In my blog post of October 6th 2014 I published a checklist which I send to prospective new clients who are considering a sale of their business or company. Here I'll expand on the first item on that checklist "Copies of last 3 years accounts (including latest accounting year)".
To most people it may seem fundamental that to sell, or to consider buying a business, you need to produce accurate and timely accounting information. This provides several levels of authenticity and verification of the business concerned:
1. The accounts show the trading history over a reasonable timespan
2. They show the ownership and shareholding (or partnership) structure of the business
3. They may show business trends, i.e.owner's drawings/salary, increased/reduced sales or profitability, changes in stockholding, asset values, debtors and creditors, cash position, liquidity ratios, borrowings, overheads and expenses - the list goes on
4. Most importantly (in my view) by producing accounts it shows that the vendor (and his/her broker or agent) is serious about selling the business. Only last week I heard from a prospective buyer who had been to see 2 businesses marketed by other agencies only to find that the glowing online advert description did not match the reality of the business. This, unfortunately is not an uncommon story. The provision of accounts would have saved the prospective buyer a lot of time, not to mention the vendors.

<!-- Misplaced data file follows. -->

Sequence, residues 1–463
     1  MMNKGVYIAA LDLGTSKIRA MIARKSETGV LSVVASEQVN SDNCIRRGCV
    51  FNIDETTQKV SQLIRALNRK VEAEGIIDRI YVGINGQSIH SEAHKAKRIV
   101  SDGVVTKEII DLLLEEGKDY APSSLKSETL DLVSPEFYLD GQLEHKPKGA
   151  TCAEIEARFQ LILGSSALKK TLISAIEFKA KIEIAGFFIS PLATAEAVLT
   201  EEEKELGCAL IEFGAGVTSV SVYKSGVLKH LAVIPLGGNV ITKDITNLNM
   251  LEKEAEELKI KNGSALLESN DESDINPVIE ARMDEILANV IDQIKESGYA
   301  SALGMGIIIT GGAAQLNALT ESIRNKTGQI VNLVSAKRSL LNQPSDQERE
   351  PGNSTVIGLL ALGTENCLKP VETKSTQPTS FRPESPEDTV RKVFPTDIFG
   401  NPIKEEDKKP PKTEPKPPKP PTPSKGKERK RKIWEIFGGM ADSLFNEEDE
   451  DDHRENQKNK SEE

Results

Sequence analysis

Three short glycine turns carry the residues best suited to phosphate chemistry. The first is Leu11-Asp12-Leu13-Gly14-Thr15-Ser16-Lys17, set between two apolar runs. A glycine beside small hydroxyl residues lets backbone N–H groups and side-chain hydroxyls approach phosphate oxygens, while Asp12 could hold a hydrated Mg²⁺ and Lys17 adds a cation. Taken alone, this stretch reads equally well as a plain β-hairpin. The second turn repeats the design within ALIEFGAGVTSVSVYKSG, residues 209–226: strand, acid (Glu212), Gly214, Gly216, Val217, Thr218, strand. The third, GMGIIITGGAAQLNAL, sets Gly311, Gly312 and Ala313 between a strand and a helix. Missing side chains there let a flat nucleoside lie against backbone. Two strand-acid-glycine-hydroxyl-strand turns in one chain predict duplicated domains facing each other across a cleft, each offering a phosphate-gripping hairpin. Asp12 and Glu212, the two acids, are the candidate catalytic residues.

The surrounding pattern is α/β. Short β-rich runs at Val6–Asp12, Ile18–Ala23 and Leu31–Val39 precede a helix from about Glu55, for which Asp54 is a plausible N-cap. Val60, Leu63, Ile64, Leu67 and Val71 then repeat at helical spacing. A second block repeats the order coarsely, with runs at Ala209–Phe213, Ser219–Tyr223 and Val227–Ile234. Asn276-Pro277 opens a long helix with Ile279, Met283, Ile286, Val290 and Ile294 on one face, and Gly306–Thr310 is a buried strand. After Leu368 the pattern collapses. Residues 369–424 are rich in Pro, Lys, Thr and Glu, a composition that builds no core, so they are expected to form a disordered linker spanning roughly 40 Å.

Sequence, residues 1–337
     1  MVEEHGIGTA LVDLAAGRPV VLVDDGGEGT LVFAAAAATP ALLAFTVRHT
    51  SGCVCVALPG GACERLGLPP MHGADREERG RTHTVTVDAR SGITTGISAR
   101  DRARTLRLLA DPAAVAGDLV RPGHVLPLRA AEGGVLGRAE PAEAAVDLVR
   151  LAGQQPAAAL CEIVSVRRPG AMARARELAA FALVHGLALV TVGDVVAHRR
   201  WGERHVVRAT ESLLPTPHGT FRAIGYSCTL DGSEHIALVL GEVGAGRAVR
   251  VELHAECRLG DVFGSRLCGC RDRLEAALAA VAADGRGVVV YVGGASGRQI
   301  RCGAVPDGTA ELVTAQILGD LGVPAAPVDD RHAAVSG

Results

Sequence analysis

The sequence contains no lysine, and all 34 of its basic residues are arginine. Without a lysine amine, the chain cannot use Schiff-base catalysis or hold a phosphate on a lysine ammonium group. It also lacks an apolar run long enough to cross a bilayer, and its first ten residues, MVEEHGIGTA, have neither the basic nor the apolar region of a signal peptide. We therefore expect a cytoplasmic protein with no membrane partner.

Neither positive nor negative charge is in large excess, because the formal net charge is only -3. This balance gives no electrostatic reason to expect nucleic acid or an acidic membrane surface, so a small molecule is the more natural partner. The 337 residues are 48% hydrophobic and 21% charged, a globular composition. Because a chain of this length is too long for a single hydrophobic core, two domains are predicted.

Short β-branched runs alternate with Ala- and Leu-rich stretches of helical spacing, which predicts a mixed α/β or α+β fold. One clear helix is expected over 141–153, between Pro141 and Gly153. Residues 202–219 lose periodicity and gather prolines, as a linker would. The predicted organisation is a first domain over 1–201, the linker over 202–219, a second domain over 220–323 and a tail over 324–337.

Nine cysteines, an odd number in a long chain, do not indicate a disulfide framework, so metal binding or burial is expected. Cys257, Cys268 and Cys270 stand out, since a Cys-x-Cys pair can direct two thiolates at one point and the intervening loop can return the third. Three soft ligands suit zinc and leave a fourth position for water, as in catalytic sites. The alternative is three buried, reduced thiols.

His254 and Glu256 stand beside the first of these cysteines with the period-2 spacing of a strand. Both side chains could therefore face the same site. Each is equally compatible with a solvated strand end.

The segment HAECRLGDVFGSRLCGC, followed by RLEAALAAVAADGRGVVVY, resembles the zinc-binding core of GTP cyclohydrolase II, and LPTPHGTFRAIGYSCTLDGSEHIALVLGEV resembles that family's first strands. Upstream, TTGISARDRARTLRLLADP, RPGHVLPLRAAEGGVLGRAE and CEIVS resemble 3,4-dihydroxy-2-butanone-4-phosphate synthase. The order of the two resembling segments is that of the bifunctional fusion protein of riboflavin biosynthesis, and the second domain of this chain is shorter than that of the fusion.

Of course it may not be that simple to provide 3 years straightforward accounting history. On my desk I have an enquiry from a business which was a sole trader until 2013 then incorporated as a limited company. The accounts provided cover the periods:
1.9.2011 to 31.8.2012 (Sole Trader)
1.9.2012 to 31.5.2013 (Sole Trader) and
1.2.2013 to 31.5.2014 (Limited Company)
However the important thing is that there are no gaps and, as mentioned in my points 1. and 2. above the accounts do show trading and ownership structures.
The other important point is that accounts should be produced promptly when selling. Many buyers will not seriously consider a business which does not have Annual Accounts for the latest trading year.
Finally, some businesses simply cannot produce 3 years worth of accounts, maybe the business isn't even 3 years old, or maybe it is part of a larger company. So we have to provide as much information as possible. This may be management figures, 1 years accounts plus management figures or even an interim set of accounts or Sage, QuickBooks or Excel analysis (or similar). In some ways this "raw" information may be more useful than full accounts and I shall explore this in more detail in later posts.
Thank you for reading this. If you are thinking of buying or selling a business please get in touch.
13th October 2014
Keith Green - selling businesses and advising SME business owners since 1997 and still enjoying it.
Selling Your Business
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